Lecture Advertising and promotion: An integrated marketing communications perspective (10/e): Chapter 5 - George E. Belch, Michael A. Belch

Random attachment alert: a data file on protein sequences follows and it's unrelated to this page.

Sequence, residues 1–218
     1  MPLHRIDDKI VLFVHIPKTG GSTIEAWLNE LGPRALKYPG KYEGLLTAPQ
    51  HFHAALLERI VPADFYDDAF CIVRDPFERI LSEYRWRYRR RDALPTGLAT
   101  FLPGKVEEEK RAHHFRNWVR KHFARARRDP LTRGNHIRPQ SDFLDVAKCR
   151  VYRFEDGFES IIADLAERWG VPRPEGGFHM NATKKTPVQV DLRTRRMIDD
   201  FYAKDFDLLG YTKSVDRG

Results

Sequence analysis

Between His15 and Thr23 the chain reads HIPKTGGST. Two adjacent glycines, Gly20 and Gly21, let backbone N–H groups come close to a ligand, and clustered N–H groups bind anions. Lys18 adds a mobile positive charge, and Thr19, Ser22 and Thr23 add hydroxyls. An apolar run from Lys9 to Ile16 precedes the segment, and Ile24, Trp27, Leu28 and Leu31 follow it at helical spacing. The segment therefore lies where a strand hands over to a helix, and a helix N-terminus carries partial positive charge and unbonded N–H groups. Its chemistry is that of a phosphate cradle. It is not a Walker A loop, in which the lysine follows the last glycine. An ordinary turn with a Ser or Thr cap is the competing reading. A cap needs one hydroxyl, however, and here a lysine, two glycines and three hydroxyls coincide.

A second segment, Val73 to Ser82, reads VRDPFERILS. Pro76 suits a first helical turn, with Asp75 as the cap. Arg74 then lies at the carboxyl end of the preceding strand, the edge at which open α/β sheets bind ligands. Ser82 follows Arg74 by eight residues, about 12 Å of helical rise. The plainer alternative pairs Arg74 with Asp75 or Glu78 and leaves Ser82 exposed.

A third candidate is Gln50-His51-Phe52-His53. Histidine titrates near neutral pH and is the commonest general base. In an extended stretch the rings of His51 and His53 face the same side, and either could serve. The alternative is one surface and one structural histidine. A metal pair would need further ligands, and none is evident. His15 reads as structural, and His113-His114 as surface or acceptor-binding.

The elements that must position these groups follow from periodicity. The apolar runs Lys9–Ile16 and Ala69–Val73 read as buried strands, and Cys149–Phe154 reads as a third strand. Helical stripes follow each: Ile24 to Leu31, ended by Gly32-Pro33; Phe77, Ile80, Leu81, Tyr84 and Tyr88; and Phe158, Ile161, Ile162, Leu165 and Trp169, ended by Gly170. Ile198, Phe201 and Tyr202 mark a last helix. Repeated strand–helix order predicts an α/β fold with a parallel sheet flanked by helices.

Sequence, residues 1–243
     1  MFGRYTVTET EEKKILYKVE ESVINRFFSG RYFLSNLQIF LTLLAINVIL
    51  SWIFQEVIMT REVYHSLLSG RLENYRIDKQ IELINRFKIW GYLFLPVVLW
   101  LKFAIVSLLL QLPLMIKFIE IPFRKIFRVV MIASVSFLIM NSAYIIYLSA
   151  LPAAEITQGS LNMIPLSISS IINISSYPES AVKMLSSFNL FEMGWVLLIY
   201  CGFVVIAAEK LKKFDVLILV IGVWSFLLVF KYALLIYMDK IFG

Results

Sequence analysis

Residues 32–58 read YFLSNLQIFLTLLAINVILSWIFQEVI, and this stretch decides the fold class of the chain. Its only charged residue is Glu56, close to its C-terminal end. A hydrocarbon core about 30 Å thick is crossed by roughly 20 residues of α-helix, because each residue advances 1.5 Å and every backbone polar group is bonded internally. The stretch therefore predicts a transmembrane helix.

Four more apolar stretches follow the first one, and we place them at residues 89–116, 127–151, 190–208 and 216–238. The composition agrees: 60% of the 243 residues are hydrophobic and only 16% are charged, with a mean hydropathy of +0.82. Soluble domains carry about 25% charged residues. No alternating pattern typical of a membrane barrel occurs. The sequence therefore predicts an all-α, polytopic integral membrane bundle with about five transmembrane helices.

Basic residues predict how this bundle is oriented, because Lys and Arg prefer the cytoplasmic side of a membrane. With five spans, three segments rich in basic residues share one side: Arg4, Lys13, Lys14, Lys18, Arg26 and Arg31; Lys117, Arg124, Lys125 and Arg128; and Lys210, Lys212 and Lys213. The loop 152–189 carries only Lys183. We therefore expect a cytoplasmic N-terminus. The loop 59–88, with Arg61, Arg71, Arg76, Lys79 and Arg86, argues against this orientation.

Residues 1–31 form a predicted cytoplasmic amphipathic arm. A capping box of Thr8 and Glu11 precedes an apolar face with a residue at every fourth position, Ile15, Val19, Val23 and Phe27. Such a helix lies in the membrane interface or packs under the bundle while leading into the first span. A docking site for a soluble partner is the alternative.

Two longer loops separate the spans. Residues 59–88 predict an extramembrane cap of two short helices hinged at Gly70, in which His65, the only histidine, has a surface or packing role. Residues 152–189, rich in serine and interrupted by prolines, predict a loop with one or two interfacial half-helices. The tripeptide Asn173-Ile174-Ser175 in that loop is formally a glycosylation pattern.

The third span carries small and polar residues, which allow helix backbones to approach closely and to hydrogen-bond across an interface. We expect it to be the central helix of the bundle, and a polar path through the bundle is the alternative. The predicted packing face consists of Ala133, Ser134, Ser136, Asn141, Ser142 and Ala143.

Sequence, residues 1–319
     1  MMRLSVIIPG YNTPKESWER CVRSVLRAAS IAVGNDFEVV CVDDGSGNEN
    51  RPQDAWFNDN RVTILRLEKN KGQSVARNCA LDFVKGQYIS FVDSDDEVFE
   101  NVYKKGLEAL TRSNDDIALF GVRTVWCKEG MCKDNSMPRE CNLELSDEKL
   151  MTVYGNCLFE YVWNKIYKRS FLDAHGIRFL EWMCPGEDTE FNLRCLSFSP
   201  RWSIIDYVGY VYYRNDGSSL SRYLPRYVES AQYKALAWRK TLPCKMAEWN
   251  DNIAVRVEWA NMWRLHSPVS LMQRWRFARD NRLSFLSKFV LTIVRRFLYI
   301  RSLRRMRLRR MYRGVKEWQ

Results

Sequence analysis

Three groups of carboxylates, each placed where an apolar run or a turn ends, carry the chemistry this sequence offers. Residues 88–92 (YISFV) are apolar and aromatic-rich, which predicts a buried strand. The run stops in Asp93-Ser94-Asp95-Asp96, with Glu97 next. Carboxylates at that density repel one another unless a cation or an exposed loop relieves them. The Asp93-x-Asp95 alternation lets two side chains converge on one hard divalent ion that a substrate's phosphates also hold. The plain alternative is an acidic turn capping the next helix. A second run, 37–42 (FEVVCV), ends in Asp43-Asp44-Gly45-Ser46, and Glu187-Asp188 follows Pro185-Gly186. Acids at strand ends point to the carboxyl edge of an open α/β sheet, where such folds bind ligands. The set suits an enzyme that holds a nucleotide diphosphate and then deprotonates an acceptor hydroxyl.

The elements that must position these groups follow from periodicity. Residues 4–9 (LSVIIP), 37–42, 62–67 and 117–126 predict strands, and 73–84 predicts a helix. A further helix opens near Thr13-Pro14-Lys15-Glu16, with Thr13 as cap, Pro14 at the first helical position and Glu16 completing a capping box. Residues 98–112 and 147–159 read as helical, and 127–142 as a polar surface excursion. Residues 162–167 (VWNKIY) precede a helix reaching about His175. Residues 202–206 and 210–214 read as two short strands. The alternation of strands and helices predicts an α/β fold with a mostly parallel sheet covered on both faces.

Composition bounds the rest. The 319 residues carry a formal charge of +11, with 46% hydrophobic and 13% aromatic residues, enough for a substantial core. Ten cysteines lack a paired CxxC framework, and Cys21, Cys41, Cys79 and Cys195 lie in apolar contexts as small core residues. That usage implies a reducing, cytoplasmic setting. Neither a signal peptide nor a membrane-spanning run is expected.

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Chapter 5 - The communication process. After completing this unit, you should be able to: To understand the basic elements of the communication process and the role of communications in IMC, to examine various models of the communication process, to understand the important role of word-of-mouth influence and viral marketing,... Chapter 5 Perspectives  on Consumer  Behavior Copyright © 2015 McGraw-Hill Education All rights reserved No reproduction or distribution without the prior written consent of McGraw-Hill Education Figure 5.1 ­ A Model of the  Communication Process Copyright © 2015 McGraw-Hill Education All rights reserved No reproduction or distribution without the prior written consent of McGraw-Hill Education There are many forms of message encoding Encoding Encoding Verbal Verbal •• Spoken  Spoken  Word Word •• Written  Written  Word Word •• Song  Song  Lyrics Lyrics Graphic Graphic •• Pictures Pictures •• Drawings Drawings •• Charts Charts Musical Musical Animation Animation •• Arrange­ Arrange­ ment ment •• Action/ Action/ Motion Motion •• Instrum­ Instrum­ entation entation •• Pace/  Pace/  Speed Speed •• Voices Voices •• Shape/ Shape/ Form Form Copyright © 2015 McGraw-Hill Education All rights reserved No reproduction or distribution without the prior written consent of McGraw-Hill Education Communications Channels Personal  Personal  Channels Channels Personal  Selling Word of  Mouth/Mouse Print  Media Broadcast  Media Nonpersonal  Nonpersonal  Channels Channels Copyright © 2015 McGraw-Hill Education All rights reserved No reproduction or distribution without the prior written consent of McGraw-Hill Education Basic Model of Communication  Viral marketing: Propagating marketing­relevant  messages with the help of individual consumers  Factors affecting success   Message characteristics  Individual sender or receiver characteristics   Social network characteristics  Seeding: Identifying and choosing the initial group  of consumers who will be used to start spreading the  message Copyright © 2015 McGraw-Hill Education All rights reserved No reproduction or distribution without the prior written consent of McGraw-Hill Education Basic Model of Communication  Receiver: Person with whom the sender shares  thoughts or information  Decoding: Transforming the sender’s message into  thought  Heavily influenced by the receiver’s field of  experience  Field of experience: The experiences, perceptions,  attitudes, and values a person brings to the  communication situation Copyright © 2015 McGraw-Hill Education All rights reserved No reproduction or distribution without the prior written consent of McGraw-Hill Education Basic Model of Communication  Noise: Unplanned distortion in the communication  process  Occurs because the fields of experience of the  sender and receiver don’t overlap  Response: Receiver’s set of reactions after seeing,  hearing, or reading the message  Feedback: Receiver’s response that is  communicated back to the sender Copyright © 2015 McGraw-Hill Education All rights reserved No reproduction or distribution without the prior written consent of McGraw-Hill Education Figure 5.2 ­ Levels of Audience  Aggregation Copyright © 2015 McGraw-Hill Education All rights reserved No reproduction or distribution without the prior written consent of McGraw-Hill Education Figure 5.3 ­ Models of the Response  Process Copyright © 2015 McGraw-Hill Education All rights reserved No reproduction or distribution without the prior written consent of McGraw-Hill Education Figure 5.4 ­ Methods of Obtaining  Feedback in the Response Hierarchy Copyright © 2015 McGraw-Hill Education All rights reserved No reproduction or distribution without the prior written consent of 10 McGraw-Hill Education Figure 5.5 ­ Alternative Response Hierarchies –The  Three­Orders Model of Information Processing Copyright © 2015 McGraw-Hill Education All rights reserved No reproduction or distribution without the prior written consent of Copyright © 2014 McGraw-Hill Education All rights reserved No reproduction or distribution without the prior written consent 11 McGraw-Hill Education of McGraw-Hill Education Figure 5.6 ­ The Social Consumer  Decision Journey Copyright © 2015 McGraw-Hill Education All rights reserved No reproduction or distribution without the prior written consent of 12 McGraw-Hill Education Figure 5.7 ­ A Model of Cognitive  Response Copyright © 2015 McGraw-Hill Education All rights reserved No reproduction or distribution without the prior written consent of 13 McGraw-Hill Education Elaboration Likelihood Model (ELM)  Focuses on the differences in the ways consumers  process and respond to persuasive messages  Attitude formation or change process  Depends on the amount and nature of elaboration  that occurs in response to a persuasive message  Elaboration likelihood is a function of:   Motivation  Ability Copyright © 2015 McGraw-Hill Education All rights reserved No reproduction or distribution without the prior written consent of 14 McGraw-Hill Education Cognitive Response Categories Product/Message Thoughts Product/Message Thoughts Counterarguments Counterarguments Support arguments Support arguments Source­Oriented Thoughts Source­Oriented Thoughts Source derogation Source derogation Source bolstering Source bolstering Ad Execution Thoughts Ad Execution Thoughts Thoughts about Thoughts about the ad itself the ad itself Copyright © 2015 McGraw-Hill Education Affect attitude Affect attitude toward the ad toward the ad All rights reserved No reproduction or distribution without the prior written consent of McGraw-Hill Education Elaboration Likelihood Model (ELM) Focuses on the way consumers respond to persuasive  Focuses on the way consumers respond to persuasive  messages, based on the amount and nature of elaboration  messages, based on the amount and nature of elaboration  or processing of information or processing of information Routes to Attitude Change Central route –  Central route –  ability and  ability and  motivation to process  motivation to process  a message is high and  a message is high and  close attention is paid  close attention is paid  to message content to message content Peripheral route –  Peripheral route –  ability and  ability and  motivation to process  motivation to process  a message is low;   a message is low;   receiver focuses more  receiver focuses more  on peripheral cues  on peripheral cues  than on message  than on message  content content Copyright © 2015 McGraw-Hill Education All rights reserved No reproduction or distribution without the prior written consent of McGraw-Hill Education Figure 5.9 ­ A Framework for Studying How Advertising Works Copyright © 2015 McGraw-Hill Education All rights reserved No reproduction or distribution without the prior written consent of 17 McGraw-Hill Education ... Routes to Attitude Change Central route –  Central route –  ability and ability and motivation to process  motivation to process  a message is high and a message is high and close attention is paid  close attention is paid ... â 20 15 McGraw-Hill Education All rights reserved No reproduction or distribution without the prior written consent of McGraw-Hill Education Communications Channels Personal  Personal  Channels... Feedback in the Response Hierarchy Copyright © 20 15 McGraw-Hill Education All rights reserved No reproduction or distribution without the prior written consent of 10 McGraw-Hill Education Figure 5. 5 ­ Alternative Response Hierarchies –The